Red Wolf Physicals – A New Challenge

About Carolina Tiger Rescue

Carolina Tiger Rescue is a 501(c)3 nonprofit wildlife sanctuary whose mission is saving and protecting wild cats in captivity and in the wild.

Carolina Tiger Rescue

1940 Hanks Chapel Rd. Pittsboro, NC 27312 (919) 542-4684 (919) 542-4454 info@carolinatigerrescue.org

Wildlife should be in the Wild

Rescue

Education

  • We believe the ideal home for wildlife is in the wild.
  • We believe it is critical to conserve their native habitats.
  • We believe wild animals should not be kept as pets.
  • We believe captive breeding should ONLY be done in accordance with Species Survival plans.
  • We believe all wild animals, both captive and in their native habitats, deserve to be treated with respect and not exploited for entertainment and commercial purposes.

Visit Carolina Tiger Rescue

Tiger at Carolina Tiger Rescue

Public Tours

Twilight Tours

Coming out for a tour is a great way to learn more about the animals that call Carolina Tiger Recue home. We offer many different types of tours.  Public tours are great for adults and families. Twilight tours are for adults only (18 years of age and older). Tiger Tales are a perfect option if you want to bring out really young children. Find the tour that is right for you and enjoy a walk through the sanctuary.

For all tours, tickets must be purchased in advance.

In April of 2022, Carolina Tiger Rescue became one of roughly 50 facilities to join the Red Wolf SAFE (Saving Animals From Extinction) Program, a program run by the Association of Zoos and Aquariums dedicated to saving the endangered Red Wolf from extinction. The SAFE Program focuses the collective expertise within AZA extended community and leverages their audiences to save species. The Red Wolf SAFE program’s goal is to support conservation efforts for this species by maintaining a healthy and viable population of red wolves under human care, growing education and awareness efforts, and aiding research vital to supporting recovery and management. We welcomed Caroline and Mist, two young females, who will live with us until they reach the appropriate age for breeding. Our role within the program is to alleviate pressure on other facilities so they have more room for breeding pairs.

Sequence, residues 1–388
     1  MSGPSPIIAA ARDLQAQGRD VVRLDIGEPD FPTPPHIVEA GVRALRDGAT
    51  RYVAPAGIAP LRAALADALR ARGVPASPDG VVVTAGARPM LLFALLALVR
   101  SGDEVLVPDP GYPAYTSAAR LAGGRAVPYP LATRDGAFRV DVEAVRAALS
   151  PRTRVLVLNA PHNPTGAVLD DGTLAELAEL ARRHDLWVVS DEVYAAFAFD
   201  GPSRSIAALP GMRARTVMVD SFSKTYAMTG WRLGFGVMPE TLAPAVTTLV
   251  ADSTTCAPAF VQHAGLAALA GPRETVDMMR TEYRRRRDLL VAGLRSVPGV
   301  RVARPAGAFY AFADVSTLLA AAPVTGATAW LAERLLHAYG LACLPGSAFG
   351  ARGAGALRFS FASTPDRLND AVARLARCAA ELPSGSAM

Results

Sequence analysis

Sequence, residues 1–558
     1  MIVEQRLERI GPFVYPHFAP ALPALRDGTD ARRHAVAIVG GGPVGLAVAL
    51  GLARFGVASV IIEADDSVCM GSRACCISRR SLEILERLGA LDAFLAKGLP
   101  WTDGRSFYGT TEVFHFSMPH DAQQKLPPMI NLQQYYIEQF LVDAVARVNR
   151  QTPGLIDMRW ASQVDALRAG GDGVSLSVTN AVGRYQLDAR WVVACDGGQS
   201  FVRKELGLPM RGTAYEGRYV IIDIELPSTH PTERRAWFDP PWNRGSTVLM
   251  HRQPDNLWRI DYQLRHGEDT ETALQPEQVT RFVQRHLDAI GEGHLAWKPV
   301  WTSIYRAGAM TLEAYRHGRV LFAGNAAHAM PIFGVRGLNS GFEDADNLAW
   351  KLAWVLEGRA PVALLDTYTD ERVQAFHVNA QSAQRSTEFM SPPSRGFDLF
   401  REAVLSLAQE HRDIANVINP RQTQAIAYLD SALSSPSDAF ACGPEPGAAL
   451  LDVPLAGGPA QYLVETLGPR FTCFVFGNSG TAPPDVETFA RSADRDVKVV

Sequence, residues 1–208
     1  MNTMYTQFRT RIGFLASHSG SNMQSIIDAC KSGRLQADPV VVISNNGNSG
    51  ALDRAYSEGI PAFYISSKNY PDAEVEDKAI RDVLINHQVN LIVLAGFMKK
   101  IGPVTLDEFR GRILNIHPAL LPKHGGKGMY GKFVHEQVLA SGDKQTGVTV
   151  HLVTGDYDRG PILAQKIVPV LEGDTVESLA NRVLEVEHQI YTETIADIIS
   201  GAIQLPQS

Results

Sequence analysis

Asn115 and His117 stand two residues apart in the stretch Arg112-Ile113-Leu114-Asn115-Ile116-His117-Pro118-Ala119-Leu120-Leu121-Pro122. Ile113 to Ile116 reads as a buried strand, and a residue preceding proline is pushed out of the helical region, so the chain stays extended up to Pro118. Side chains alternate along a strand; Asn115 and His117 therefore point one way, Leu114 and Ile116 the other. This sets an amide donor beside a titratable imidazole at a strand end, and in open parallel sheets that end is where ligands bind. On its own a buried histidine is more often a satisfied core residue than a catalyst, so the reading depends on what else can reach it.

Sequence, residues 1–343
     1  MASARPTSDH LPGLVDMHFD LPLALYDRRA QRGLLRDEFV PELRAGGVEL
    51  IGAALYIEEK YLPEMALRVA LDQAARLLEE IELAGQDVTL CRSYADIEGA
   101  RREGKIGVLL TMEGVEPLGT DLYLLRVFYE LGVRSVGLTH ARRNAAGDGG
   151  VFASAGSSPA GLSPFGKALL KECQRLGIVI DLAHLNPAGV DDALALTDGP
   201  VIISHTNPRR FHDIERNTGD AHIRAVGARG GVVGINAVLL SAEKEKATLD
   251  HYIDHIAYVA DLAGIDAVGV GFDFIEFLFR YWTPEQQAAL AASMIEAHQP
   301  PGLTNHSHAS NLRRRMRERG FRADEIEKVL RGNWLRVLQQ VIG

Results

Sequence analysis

While Caroline and Mist are in our care, we must make sure they stay healthy and maintain their “wildness,”which includes giving them yearly physicals. Physicals can be tricky with wild animals – we usually sedate them before we handle them for an evaluation. However, the protocol followed by many participating facilities for Red Wolf physicals is that we don’t sedate them for most medical procedures unless necessary. Since any of the wolves in the program could be selected to be reintroduced into the wild, they want the wolves to maintain a healthy fear of people and being awake during their physicals helps maintain that mindset.  

What does this mean for our staff? Senior Keeper Lauren Humphries, who leads our involvement with the Red Wolf SAFE Program, conducted training sessions with our keepers and other staff members prior to the wolf physicals. Staff practiced effective techniques to move wolves into their denboxes for easier capture and restraint. Keepers trained how to safely muzzle the wolves (practicing on a stuffed fox) as well as how to properly and safely restrain them so they do not injure themselves or us. To minimize movement, keepers also place “Y” poles on their neck and hip areas.  

The physicals were successfully conducted in early November, 2023. Once safely muzzled and restrained, Veterinarian Angela Lassiter checked limbs, ears, paws, palpated their abdomens, took blood samples, gave necessary vaccines, and took new weights. The wolves looked healthy and were released back into their enclosure as soon as the physicals were completed. Thanks to the hard and dedicated work of our keepers and site staff, this important task went off without a hitch!

For more information on red wolf conservation programs, visit: https://www.fws.gov/project/red-wolf-recovery-program

Check out photos of the physicals below.

What is the Red Wolf Recovery Program?

The Red Wolf Recovery program is a unique program run by U.S. Fish and Wildlife Service (USFWS) that is dedicated to the management of red wolf populations, by working with wild and captive populations. The Program works with the Red Wolf SAFE and SSP programs to breed wolves in captivity to maintain a healthy and genetically diverse captive population. USFW biologists utilize unparalleled management practices in conservation efforts to save this apex predator including radio collaring individuals to track their movements, fostering captive born pups with wild parents to help diversify genetics and increase the likelihood of success in the wild, and sterilize coyotes within the recovery areas to prevent coyote gene introgression. Other techniques to raise awareness include using digital road signs alerting motorists to drive carefully and watch for Red Wolves in the area (this has been successful in reducing some car strike fatalities) and Prey for the Pack, a habitat improvement program available to private landowners interested in and committed to improving wildlife habitats on their property while allowing the presence of Red Wolves on their private lands. The ultimate goal is to increase wild populations of red wolves, whether that’s from supporting wild populations, captive breeding efforts or educating the public; it takes support from many different stakeholders and organizations in varying areas and backgrounds to save the species.